Tuesday 26 March 2019

Phosphorous Pollution (19)

Bill would help implement the Phosphorus Management Tool, improve industrial agriculture permitting and reinstate Eastern Shore water quality monitors ANNAPOLIS, MD – The Maryland Senate voted 32-15 today to approve SB 546, a bill that would give the state more information about agriculture practices, manure transport and water quality on the Eastern Shore. It would also change the discharge permitting process for constructing new industrial agriculture Concentrated Animal Feeding Operations (CAFOs) to ensure more transparency and discontinue the decades-long waiver of permit fees.  “We need to collect better data and ensure we are enforcing the laws we have to reduce pollution,” said Senator Paul Pinsky (D-22), lead sponsor of SB 546 and chairman of the Education, Health and Environmental Affairs Committee. “Most Maryland farmers are doing their part to protect waterways, but the fact is that agriculture remains the single, largest source of pollution to the Chesapeake Bay. We need to make sure the entire system is working effectively so we can protect clean water.” Maryland has several laws on the books to help prevent pollution from agriculture, including the Phosphorus Management Tool (PMT) regulations passed in 2015 to stop overapplication of manure on farm fields. However, advocates say that progress to reduce pollution is hamstrung by a lack of useful data, as well as a dysfunctional permitting system. “The Chesapeake Bay is showing signs of progress, but many threats remain,” said Betsy Nicholas, executive director of Waterkeepers Chesapeake. “The PMT and other nutrient management laws are our best chance…
Agriculture is the single, largest source of pollution to the Chesapeake Bay, and it contaminates local waterways. Maryland is working on solutions, but our progress is hamstrung by a lack of information and a dysfunctional permitting system. Agriculture Tracking and Improvement Act (SB 546/HB 904) would help Maryland get information currently lacking about agriculture practices, manure transport and water quality on the Eastern Shore, and it would improve transparency and fairness in the State’s industrial agriculture permitting program.     Specifically, the bill would: help the agriculture industry comply with the state’s regulation to reduce the use of phosphorous (known as the Phosphorous Management Tool); create a voluntary system to track manure transport and land application by private companies; update the permitting timeline and fees for industrial poultry operations (know as Concentrated Animal Feeding Operations or CAFOs); reinstate water quality monitoring stations on the Lower Eastern Shore. Take Action and send an email to your Maryland representatives to urge them to vote YES on SB546/HB904. All sectors of our state --  business, cities, agriculture, residents – need to do their fair share to reduce pollution in our local waterways and ultimately the Chesapeake Bay. Click here for more information about the bill.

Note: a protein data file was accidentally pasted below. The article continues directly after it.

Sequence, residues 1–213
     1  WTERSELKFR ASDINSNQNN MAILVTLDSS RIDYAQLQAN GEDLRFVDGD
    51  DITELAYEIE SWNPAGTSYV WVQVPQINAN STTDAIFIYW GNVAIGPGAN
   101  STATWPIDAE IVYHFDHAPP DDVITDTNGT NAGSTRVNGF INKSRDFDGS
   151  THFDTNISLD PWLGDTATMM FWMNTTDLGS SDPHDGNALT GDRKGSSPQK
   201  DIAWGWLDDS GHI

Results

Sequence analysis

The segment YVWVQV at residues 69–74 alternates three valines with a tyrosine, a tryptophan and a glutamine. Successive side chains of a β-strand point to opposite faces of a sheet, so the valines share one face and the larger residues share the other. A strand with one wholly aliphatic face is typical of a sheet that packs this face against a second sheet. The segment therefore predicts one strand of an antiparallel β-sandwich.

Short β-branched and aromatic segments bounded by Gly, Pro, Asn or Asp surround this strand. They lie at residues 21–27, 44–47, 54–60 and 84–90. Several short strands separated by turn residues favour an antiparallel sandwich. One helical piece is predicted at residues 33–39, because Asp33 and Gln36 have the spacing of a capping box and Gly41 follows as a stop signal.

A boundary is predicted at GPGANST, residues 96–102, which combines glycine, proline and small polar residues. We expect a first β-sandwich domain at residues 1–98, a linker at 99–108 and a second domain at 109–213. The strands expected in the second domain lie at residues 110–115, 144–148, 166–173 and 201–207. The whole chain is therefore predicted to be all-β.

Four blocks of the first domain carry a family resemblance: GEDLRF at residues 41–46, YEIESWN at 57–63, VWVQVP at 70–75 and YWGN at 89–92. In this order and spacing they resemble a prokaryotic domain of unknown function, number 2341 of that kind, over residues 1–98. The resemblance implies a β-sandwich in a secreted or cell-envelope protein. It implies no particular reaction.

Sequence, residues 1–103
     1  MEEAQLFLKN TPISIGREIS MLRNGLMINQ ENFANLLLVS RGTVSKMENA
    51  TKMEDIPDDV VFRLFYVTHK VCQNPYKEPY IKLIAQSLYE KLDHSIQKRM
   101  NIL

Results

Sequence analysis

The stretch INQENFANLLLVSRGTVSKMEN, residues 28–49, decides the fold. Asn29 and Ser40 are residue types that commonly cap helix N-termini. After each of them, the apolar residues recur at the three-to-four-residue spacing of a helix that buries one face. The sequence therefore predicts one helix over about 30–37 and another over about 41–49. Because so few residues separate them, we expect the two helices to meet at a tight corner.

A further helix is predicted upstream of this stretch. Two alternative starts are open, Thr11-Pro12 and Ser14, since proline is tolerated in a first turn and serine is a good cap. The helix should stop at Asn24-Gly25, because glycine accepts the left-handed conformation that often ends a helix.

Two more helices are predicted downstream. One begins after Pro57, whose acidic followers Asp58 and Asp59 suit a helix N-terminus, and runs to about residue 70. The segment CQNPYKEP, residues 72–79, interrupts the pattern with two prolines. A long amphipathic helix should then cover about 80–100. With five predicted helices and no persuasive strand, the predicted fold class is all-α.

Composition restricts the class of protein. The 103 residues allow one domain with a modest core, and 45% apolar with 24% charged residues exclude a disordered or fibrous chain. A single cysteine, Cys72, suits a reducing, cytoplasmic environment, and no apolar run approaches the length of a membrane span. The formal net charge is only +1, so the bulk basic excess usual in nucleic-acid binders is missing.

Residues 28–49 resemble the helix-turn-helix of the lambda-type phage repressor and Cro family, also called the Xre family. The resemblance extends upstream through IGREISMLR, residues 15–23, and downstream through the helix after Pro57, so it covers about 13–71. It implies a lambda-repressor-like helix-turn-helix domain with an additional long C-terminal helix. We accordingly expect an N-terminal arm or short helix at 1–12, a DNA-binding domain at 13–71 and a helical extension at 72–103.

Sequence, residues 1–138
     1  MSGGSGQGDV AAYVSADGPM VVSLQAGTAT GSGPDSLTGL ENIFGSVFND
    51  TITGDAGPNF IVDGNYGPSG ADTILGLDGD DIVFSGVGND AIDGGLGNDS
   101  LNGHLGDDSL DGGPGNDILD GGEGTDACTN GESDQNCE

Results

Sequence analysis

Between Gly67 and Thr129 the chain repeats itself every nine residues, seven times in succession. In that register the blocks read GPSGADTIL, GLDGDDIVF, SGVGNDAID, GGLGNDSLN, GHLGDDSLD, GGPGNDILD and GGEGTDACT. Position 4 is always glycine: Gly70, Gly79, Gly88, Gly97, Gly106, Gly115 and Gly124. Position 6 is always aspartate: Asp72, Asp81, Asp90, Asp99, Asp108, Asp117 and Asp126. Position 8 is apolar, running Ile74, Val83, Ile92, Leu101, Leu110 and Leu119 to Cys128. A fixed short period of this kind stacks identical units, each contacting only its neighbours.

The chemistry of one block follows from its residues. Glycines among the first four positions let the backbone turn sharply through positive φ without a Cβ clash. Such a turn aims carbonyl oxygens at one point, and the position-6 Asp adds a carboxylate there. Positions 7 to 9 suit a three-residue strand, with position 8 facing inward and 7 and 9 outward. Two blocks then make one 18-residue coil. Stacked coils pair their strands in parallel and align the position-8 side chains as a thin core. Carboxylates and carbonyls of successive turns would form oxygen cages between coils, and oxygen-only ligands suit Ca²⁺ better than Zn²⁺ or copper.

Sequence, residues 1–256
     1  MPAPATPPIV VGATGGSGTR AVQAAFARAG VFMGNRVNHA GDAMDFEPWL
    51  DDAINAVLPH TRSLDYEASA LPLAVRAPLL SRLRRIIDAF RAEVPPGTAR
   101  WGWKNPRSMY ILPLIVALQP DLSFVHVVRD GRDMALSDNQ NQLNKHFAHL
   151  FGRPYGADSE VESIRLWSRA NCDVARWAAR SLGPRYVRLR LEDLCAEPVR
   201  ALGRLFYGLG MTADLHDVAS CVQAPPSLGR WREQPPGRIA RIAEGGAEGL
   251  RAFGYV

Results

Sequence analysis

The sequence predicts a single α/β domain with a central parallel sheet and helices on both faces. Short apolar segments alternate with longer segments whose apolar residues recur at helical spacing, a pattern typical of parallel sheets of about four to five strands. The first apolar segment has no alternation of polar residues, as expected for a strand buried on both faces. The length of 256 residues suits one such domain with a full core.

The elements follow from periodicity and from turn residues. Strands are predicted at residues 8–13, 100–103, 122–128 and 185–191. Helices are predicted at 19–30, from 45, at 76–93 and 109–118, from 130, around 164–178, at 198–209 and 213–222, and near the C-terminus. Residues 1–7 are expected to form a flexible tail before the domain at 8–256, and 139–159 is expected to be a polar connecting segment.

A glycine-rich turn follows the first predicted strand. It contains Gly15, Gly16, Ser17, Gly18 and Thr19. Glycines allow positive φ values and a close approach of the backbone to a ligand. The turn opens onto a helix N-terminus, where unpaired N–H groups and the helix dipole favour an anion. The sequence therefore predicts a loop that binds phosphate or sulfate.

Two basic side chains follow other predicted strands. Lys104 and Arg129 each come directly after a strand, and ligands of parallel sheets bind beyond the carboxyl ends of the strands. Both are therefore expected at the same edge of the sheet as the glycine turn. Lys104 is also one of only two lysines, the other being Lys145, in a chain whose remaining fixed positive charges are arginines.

Dairy farmers, wastewater agencies seek easing of winter ban on spreading nutrient-rich wastes on fields The only objection voiced at the meeting to the changes came from the audience. Jeffrey H. Horstman, executive director of the Midshore Riverkeeper Conservancy, said that the rule had been compromised enough. In 2012, he said, environmentally oriented lawmakers introduced the manure restrictions as legislation, and the department and farmers pushed instead for regulation to increase flexibility. Then, he said, the farmers received four more years to comply. “I’m not sure if this is a compromise, a rollback, or a (reneging) on the deal,” Horstman said. “A unilateral rollback of this regulation would be detrimental. And a lot of people have gone out and met these regulations. So, don’t (renege) on the deal. I know it’s not all about making it easy for farmers. It’s also about protecting our environment.” READ MORE: Bay Journal, July 6, 2016